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I have a Perl script that reads data from an Excel (xls) binary file. But the client that sends us these files has started sending us XLSX format files at times. I've updated the script to be able to read those as well. However, the client sometimes likes to name the XLSX files with an .xls extension, which currently confuses the heck outta my script since it uses the file name to determine which file type it is.

An XLSX file is a zip file that contains XML stuff. Is there a simple way for my script to look at the file and tell whether it's a zip file or not? If so, I can make my script go by that instead of just the file name.

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up vote 14 down vote accepted

.xlsx files have the first 2 bytes as 'PK', so a simple open and examination of the first 2 characters will do.

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To be more specific, the first 4 bytes are "PK\003\004". – cjm Oct 27 '10 at 18:32
While that's probably true for all .xlsx files produced by particular applications, the ZIP file format does not require that -- see . – Adam Rosenfield Oct 27 '10 at 18:33
Yes! This is what I was hoping for; a quick 'n easy way to check a file, preferably without having to use yet another module. Thanks! – DaveKub Oct 27 '10 at 18:53

Yes, it is possible by checking magic number.

There are quite a few modules in Perl for checking magic number in a file.

An example using File::LibMagic:

use strict;
use warnings;

use File::LibMagic;

my $lm = File::LibMagic->new();

if ( $lm->checktype_filename($filename) eq 'application/zip; charset=binary' ) {
    # XLSX format
elsif ( $lm->checktype_filename($filename) eq 'application/; charset=binary' ) {
    # XLS format

Another example, using File::Type:

use strict;
use warnings;

use File::Type;

my $ft = File::Type->new();

if ( $ft->mime_type($file) eq 'application/zip' ) {
    # XLSX format
else {
    # probably XLS format
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File::Type is a rather large module. Since you're only interested in one filetype, I'd probably copy the test from there. It's just checking to see if the first 4 bytes of the file are "PK\003\004". – cjm Oct 27 '10 at 18:34
+1 for libmagic. The next release will contain many improvements for zip-derived file types, see mailing list archive. – daxim Oct 27 '10 at 20:19

Edit: Archive::Zip is a better

 # Read a Zip file
   my $somezip = Archive::Zip->new();
   unless ( $somezip->read( '' ) == AZ_OK ) {
       die 'read error';
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+1 Always first check CPAN :) – Konerak Oct 27 '10 at 18:21
This doesn't work -- this uses the filename suffix to determine the file type, see… . I upvoted this, but it's too late and I can't remove my vote. – Adam Rosenfield Oct 27 '10 at 18:30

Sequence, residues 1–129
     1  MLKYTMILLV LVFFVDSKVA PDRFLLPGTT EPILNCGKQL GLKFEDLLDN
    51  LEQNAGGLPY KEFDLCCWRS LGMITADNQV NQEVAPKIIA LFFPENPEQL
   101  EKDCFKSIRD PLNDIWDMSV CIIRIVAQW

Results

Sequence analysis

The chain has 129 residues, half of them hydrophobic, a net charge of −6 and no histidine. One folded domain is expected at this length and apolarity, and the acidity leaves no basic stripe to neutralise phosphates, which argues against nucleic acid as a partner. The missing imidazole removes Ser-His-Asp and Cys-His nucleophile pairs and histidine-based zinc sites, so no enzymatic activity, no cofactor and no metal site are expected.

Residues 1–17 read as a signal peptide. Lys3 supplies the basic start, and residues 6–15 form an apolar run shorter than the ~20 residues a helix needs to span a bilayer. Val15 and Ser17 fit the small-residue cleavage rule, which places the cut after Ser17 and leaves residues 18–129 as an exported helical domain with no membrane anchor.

Use File::Type:

my $file = "";
my $filetype = File::Type->new( );

if( $filetype->mime_type( $file ) eq 'application/zip' ) {
  # File is a zip archive.

I just tested it with a .xlsx file, and the mime_type() returned application/zip. Similarly, for a .xls file the mime_type() is application/octet-stream.

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You can detect the xls file by checking the first bytes of the file for Excel headers.

A list of valid older Excel headers can be gotten from here (unless you know exact version of their Excel, check for all applicable possibilities):

Zip headers are described here: but i'm not sure if .xlsx files have the same headers.

File::Type's logic seems to be "PK\003\004" as the file header to decide on zip files... but I'm not certain if that logic would work as far as .xlsx, not having a file to test.

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The-Evil-MacBook:~ ivucica$ file --mime-type --brief 

Hence, probably comparing

`file --mime-type --brief $filename`

with application/zipwould do the trick of detecting zips. Of course, you need to have file installed which is quite usual on UNIX systems. I'm afraid I cannot provide Perl example since all knowledge of Perl evaporated from my memory, and I have no examples at hand.

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I can't say about Perl, but with the framework I use, .Net, there are a number of libraries available that will manipulate zip files you could use.

Another thing that I've seen people use is the command-line version of WinZip. It give a return-value that is 0 when a file is unzipped and non-zero when there is an error.

This may not be the best way to do this, but it's a start.

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